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The Importance of Setting Expectations for New Pre-Hire Assessments

July 7, 2016

selection-interview.jpgWhenever organizations begin using a new pre-hire assessment tool, the chances are very high that there will be some stakeholders who will be resistant to the new process. For example, a hiring manager may question the results for a particular candidate who failed despite being “one of the best” candidates they’ve seen. Or the interview team may start questioning the test after a candidate who passed the assessment interviewed very poorly.

This resistance is very often rooted in some underlying misconceptions regarding the expected outcomes of using the assessment. The following are a few such misconceptions that are fairly common among staffing teams:

  • 100% of new hires who passed the assessment will be successful on the job

  • An assessment will completely eliminate turnover

  • Assessment results will always be aligned with all other data gathered in the staffing process

  • Assessments will drastically shorten the staffing process

  • An assessment will identify with 100% accuracy each candidate’s strengths and development needs

  • The assessment results for one candidate are indicative of how accurate and effective the tool is at generally identifying the best job candidates

When reading this list of common misconceptions, most stakeholders would likely deny that they are guilty of any of them. However, when in the middle of filling a job vacancy, a single unexpected assessment result can easily result in making erroneous judgments about the tool based on one or more of the items on the list above. It happens much more often than many stakeholders realize.

So what can be done about this? One of the best strategies for preventing this is to communicate with stakeholders about what the expected outcomes are, such as the following:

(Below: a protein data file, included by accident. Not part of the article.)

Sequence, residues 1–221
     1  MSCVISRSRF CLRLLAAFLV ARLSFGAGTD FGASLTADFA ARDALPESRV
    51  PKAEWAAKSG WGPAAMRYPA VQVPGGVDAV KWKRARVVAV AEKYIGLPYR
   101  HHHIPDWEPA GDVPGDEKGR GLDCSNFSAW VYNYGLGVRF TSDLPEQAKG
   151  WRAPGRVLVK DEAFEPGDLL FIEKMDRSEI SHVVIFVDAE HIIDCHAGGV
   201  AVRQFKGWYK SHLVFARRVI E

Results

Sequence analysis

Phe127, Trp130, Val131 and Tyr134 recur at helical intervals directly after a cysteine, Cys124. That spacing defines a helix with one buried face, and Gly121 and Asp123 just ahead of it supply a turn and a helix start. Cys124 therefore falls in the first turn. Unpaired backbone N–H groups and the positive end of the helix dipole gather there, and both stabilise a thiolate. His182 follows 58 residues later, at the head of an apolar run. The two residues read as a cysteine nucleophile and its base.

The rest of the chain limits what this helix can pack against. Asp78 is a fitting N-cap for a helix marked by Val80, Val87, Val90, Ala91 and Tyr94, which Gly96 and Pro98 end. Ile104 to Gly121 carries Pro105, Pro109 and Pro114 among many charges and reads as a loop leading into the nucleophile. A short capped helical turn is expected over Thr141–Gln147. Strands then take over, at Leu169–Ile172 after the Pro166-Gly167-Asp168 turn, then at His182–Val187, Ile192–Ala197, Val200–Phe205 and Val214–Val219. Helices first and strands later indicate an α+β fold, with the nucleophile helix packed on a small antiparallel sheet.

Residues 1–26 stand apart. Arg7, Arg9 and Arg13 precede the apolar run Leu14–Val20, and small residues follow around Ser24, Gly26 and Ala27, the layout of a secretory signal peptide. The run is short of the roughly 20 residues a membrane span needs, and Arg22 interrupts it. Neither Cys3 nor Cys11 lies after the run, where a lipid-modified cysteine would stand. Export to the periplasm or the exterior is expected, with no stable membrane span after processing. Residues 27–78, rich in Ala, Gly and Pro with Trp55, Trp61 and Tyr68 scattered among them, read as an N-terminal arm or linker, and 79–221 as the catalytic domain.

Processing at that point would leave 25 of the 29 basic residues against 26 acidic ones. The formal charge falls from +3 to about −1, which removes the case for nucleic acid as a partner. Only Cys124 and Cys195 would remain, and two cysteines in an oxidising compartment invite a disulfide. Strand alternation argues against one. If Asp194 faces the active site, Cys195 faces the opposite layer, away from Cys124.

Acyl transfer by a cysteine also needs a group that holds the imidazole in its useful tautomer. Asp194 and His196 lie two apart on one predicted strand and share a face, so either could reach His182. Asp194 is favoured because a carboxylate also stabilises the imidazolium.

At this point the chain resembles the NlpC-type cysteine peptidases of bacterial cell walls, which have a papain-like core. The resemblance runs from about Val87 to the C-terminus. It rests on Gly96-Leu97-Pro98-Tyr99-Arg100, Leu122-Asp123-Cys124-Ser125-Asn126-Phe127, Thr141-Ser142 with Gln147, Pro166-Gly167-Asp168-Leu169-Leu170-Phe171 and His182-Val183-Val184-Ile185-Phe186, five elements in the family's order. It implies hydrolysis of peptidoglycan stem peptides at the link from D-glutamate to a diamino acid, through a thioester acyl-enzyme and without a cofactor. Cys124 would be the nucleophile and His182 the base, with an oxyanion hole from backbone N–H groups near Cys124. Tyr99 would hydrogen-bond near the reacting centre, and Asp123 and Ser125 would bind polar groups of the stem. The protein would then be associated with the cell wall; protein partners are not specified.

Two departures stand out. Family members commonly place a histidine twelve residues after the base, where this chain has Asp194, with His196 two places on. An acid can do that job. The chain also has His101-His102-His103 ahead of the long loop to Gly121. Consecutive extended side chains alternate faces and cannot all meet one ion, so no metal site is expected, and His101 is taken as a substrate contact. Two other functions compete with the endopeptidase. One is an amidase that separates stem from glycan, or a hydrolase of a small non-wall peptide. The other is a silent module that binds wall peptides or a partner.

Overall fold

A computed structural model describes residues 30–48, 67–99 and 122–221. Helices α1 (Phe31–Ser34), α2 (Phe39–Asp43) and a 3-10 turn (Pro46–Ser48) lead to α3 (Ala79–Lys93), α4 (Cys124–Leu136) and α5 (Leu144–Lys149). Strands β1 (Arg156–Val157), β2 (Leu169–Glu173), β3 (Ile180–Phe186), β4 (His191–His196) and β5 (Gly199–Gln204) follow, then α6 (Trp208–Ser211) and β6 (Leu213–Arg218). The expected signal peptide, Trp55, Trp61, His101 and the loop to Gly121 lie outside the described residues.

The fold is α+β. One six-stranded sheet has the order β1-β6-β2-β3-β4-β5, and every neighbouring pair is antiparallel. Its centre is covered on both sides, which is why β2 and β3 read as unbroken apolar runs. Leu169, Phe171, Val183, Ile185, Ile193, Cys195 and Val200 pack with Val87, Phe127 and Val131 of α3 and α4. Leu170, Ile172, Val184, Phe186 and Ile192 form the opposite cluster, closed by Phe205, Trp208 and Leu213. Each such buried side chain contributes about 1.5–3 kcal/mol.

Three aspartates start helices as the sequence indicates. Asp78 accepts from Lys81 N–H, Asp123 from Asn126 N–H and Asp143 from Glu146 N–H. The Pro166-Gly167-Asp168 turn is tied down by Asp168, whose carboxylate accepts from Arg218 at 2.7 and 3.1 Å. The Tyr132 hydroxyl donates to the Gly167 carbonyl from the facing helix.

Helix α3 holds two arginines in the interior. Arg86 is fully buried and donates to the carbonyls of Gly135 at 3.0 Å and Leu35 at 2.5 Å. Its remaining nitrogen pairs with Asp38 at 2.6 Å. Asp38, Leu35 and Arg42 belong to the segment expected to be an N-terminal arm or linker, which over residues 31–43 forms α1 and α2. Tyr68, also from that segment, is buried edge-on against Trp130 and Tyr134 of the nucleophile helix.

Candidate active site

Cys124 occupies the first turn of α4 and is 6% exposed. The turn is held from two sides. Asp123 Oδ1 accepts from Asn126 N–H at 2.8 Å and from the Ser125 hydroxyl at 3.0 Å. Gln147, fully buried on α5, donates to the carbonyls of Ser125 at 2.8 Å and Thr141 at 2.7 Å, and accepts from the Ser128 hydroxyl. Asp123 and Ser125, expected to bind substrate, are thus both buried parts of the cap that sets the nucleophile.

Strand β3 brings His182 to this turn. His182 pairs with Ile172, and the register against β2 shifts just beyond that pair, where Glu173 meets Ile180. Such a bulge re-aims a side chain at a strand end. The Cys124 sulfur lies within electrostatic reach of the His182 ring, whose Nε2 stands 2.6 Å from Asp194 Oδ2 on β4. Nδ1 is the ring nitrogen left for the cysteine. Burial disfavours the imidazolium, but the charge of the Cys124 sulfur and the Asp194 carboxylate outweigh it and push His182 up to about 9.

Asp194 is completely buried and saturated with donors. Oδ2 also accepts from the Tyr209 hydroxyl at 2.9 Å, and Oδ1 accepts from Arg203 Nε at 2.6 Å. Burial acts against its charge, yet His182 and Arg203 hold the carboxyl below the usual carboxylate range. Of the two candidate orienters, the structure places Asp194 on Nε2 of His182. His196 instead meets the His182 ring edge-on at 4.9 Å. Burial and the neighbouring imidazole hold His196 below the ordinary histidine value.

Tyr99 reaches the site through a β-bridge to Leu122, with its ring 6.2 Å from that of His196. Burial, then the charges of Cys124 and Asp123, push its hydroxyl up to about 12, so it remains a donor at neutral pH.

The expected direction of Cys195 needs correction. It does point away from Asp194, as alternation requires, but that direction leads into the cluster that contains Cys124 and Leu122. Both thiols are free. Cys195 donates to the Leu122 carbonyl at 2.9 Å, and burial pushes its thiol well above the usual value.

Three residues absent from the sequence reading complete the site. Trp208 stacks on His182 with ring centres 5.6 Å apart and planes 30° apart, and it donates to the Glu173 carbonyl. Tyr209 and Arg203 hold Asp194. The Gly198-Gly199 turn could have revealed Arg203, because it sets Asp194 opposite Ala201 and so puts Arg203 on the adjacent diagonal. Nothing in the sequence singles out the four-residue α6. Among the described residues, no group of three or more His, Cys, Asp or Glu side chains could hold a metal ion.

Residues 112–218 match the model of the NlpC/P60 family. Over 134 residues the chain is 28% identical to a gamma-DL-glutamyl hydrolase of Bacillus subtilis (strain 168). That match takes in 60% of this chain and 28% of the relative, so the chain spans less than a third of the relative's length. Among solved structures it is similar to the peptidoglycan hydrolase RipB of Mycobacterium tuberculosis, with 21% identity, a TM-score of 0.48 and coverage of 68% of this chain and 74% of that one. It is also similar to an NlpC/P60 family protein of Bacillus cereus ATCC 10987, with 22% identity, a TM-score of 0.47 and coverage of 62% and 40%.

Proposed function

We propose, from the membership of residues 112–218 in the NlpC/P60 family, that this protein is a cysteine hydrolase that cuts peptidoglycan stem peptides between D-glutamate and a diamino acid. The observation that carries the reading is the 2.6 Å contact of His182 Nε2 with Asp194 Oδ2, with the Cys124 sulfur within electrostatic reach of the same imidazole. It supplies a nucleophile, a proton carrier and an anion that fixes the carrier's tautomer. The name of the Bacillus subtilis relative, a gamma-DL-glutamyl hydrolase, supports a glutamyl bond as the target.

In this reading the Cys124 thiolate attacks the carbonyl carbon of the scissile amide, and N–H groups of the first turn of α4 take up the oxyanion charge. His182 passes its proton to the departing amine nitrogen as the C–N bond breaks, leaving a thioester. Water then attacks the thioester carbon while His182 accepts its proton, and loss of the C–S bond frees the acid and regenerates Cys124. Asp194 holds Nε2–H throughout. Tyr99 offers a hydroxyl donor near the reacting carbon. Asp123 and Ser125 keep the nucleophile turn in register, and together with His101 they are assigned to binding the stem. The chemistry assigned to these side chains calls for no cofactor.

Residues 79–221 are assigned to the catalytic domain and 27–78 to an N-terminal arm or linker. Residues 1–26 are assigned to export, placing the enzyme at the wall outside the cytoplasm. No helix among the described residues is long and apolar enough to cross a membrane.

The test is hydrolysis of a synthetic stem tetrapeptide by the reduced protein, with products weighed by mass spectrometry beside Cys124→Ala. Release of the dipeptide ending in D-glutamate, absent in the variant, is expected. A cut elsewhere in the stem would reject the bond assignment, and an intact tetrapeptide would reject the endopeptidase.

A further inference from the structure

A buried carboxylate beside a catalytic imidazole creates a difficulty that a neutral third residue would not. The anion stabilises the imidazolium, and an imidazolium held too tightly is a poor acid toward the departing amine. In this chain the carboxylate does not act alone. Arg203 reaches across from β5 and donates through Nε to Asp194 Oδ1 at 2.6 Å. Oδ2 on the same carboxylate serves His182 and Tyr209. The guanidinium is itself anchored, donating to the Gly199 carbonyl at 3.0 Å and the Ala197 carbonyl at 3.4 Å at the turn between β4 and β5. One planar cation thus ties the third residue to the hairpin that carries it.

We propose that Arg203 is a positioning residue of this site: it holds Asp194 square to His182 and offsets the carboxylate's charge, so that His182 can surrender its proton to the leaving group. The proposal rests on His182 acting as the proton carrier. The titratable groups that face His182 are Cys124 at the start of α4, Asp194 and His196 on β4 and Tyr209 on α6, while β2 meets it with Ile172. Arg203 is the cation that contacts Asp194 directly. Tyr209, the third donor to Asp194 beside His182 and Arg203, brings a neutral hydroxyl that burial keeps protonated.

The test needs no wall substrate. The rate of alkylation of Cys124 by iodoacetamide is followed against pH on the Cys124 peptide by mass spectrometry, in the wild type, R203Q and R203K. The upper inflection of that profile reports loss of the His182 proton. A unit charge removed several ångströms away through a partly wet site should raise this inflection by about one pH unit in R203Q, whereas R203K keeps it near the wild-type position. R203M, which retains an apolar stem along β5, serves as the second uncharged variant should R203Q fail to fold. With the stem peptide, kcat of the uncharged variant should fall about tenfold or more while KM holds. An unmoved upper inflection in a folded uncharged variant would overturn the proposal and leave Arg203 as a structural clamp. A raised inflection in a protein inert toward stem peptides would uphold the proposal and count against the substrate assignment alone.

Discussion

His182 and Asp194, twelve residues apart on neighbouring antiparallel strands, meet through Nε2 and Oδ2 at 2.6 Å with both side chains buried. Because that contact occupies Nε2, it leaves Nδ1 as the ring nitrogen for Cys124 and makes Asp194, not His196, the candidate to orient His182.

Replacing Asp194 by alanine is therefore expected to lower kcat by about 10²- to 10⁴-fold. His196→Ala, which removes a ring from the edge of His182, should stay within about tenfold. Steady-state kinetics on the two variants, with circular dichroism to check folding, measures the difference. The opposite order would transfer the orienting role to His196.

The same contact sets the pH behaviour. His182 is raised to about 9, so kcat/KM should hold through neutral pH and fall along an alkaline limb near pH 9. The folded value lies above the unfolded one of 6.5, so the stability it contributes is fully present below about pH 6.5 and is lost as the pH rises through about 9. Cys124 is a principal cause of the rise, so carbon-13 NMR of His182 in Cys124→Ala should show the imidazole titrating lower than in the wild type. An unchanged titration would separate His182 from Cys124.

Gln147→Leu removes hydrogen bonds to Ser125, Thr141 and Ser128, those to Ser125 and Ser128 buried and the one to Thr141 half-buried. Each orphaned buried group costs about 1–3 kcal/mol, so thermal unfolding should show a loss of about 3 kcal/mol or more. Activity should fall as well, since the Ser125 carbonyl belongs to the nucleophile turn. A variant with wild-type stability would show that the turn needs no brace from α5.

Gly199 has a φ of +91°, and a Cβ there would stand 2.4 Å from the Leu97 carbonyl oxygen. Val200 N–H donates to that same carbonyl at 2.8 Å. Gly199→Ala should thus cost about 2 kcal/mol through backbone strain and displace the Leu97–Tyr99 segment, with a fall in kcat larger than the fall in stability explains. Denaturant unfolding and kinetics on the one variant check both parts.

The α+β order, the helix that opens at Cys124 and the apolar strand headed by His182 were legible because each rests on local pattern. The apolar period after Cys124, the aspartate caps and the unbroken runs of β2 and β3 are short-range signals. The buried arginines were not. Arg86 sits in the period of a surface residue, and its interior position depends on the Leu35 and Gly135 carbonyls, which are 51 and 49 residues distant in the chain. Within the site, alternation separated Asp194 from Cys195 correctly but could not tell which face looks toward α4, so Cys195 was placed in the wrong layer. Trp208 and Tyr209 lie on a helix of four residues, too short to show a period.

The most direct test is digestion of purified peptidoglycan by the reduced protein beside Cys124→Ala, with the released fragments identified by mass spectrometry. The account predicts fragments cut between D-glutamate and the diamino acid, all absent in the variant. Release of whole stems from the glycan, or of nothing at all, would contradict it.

• Assessments will significantly increase the number of successful hires over time, but will not eliminate poor hires altogether

  • An assessment will significantly reduce certain types of turnover. For example, involuntary turnover due to being a poor fit with the company. It will not completely eliminate turnover or reduce other types of turnover such as voluntary turnover due to finding better pay for the same job from a competitor

  • You can expect assessment results to be aligned with other similar data gathered in the staffing process most of the time. However, lack of alignment is not uncommon and is often worth discussing among staffing team members as part of the evaluation process

  • Assessments should result in a more efficient staffing process, meaning more poor candidates will be screened out earlier in the process. However, the administration process may still add time to the process despite making it more efficient.

  • Assessments will be a more accurate and objective measure of the candidate’s job-related skills than what is currently in place; however, no assessment is 100% accurate, and the assessment results should be considered together with other data gathered during the process

  • Only a validation study with a large sample size (e.g., 100 or more) can accurately evaluate how effective an assessment is at predicting job performance. The results of one, or even a handful of candidates should not be used to judge the effectiveness of an assessment.

As with any organizational change, effective communication is critical to the success when implementing a new assessment program. Too often, the above issues are not discussed with stakeholders prior to launching a new assessment tool, and this significantly increases the chances of resistance to the new program. However, such resistance becomes much more preventable with a more proactive approach to addressing the above misconceptions as part of the communication process for new assessment implementations.

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John Fernandez, Ph.D. John Fernandez, Ph.D. was a Senior Consultant at PSI and lead the implementation of assessment programs for both selection and development. John has extensive experience working as an internal expert within HR for large companies to deliver large scale, global assessment solutions. John’s areas of expertise include project management, job analysis, assessment design & validation, and presentation of assessment results to sponsors.